Every great story must begin somewhere.
For NASCAR, their story began on this day, 67 years ago.
William H.G. France had overseen the creation of the National Championship Stock Car Circuit for the 1947 season. And with the NCSCC, France had not only rolled out innovations such as a standard set of rules and a points system but awarded sums of prize money to race winners and the series champion, Fonty Flock.
However, “Big Bill” decided to push even further. And so, on Dec. 14, 1947, he began a series of meetings with drivers, promoters, and mechanics inside the Ebony Room of the Streamline Hotel in Daytona Beach, Florida, in hopes of establishing an even bigger series.
It was a rather unique assembly of people in that room. In his 2012 book “100 Things NASCAR Fans Should Know & Do Before They Die,” writer Mike Hembree lists a snippet of a report from local journalist Benny Kahn that describes participants as “the owner of a small local filling station; a local race driver; a Providence, Rhode Island motorcycle dealer; an Atlanta garage operator; a Spartanburg turnip farmer; a New Rochelle, New York midget racetrack promoter; a moonshiner or two with anonymous addresses; and assorted hustlers.”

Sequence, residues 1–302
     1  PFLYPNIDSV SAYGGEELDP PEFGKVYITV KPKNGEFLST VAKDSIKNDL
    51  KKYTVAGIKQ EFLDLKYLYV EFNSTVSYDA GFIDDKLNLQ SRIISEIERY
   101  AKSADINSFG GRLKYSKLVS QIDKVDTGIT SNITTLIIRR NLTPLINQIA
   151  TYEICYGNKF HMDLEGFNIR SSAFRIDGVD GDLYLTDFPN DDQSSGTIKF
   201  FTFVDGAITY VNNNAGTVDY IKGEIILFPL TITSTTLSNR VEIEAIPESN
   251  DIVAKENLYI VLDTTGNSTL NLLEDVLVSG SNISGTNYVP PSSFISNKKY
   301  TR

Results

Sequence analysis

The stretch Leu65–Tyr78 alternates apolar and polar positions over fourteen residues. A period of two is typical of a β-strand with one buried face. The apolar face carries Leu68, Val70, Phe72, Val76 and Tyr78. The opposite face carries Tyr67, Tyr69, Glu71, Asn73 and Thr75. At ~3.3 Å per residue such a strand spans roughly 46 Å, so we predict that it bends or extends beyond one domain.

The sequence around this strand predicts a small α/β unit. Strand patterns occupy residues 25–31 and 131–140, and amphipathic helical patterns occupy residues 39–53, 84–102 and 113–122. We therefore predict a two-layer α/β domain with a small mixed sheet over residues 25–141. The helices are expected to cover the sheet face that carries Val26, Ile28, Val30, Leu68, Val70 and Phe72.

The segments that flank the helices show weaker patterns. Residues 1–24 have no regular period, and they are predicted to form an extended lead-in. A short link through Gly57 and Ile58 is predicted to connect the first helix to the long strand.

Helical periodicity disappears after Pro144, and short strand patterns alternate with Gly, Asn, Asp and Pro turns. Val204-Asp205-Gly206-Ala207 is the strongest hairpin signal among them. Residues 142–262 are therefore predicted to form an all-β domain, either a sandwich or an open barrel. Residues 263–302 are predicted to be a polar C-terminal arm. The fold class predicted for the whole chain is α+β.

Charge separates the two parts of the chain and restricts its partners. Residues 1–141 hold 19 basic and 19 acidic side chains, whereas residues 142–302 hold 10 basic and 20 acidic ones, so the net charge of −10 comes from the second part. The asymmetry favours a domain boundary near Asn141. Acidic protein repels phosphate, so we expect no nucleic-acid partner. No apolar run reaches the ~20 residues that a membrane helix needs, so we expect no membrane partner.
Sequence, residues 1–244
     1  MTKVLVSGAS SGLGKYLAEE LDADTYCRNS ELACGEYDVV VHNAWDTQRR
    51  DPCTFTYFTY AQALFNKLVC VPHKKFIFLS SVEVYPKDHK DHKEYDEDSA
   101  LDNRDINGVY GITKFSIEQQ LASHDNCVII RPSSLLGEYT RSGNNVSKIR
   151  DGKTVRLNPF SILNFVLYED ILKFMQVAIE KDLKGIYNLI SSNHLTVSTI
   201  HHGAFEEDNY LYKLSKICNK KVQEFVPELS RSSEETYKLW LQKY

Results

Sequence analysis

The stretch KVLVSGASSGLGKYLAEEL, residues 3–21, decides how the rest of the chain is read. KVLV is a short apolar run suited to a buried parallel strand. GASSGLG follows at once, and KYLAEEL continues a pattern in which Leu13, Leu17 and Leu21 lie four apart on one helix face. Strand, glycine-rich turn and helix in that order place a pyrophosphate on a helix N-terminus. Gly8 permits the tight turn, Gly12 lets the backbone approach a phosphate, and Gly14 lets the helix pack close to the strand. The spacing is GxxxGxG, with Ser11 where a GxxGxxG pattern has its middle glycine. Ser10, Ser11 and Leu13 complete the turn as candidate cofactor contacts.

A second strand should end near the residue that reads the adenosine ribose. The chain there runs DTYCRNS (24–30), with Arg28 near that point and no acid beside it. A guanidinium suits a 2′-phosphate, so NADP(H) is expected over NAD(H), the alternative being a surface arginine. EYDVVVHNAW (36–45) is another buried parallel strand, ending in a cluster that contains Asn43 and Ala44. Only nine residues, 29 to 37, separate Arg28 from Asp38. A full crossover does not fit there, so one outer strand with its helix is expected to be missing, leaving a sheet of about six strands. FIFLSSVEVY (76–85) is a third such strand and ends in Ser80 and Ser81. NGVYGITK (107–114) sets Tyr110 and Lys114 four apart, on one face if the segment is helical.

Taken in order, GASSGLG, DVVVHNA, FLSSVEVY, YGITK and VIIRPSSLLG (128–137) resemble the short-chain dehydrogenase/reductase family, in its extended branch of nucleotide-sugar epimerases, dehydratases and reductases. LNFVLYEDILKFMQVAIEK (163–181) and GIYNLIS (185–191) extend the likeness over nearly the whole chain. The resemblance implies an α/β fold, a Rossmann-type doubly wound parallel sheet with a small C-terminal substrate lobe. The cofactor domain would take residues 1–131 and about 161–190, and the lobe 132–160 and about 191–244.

As the meetings progressed, France was named president of the new series, which was initially to be called the National Stock Car Racing Association.
However, when it was found that another racing organization was using the name already, the group voted to instead use a suggestion from top mechanic Red Vogt – the National Association for Stock Car Auto Racing.
NASCAR would be officially founded on Feb. 21, 1948. It’s come a long way since then.